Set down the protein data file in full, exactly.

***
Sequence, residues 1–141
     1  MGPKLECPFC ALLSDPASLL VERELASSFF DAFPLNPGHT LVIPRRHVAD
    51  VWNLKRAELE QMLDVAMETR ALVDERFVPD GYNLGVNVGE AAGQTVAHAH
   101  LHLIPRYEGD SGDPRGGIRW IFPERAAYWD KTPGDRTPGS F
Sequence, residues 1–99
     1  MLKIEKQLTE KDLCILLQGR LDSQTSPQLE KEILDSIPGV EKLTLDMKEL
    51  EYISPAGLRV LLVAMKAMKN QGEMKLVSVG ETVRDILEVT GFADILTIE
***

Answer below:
Sequence, residues 1–141
     1  MGPKLECPFC ALLSDPASLL VERELASSFF DAFPLNPGHT LVIPRRHVAD
    51  VWNLKRAELE QMLDVAMETR ALVDERFVPD GYNLGVNVGE AAGQTVAHAH
   101  LHLIPRYEGD SGDPRGGIRW IFPERAAYWD KTPGDRTPGS F
Sequence, residues 1–99
     1  MLKIEKQLTE KDLCILLQGR LDSQTSPQLE KEILDSIPGV EKLTLDMKEL
    51  EYISPAGLRV LLVAMKAMKN QGEMKLVSVG ETVRDILEVT GFADILTIE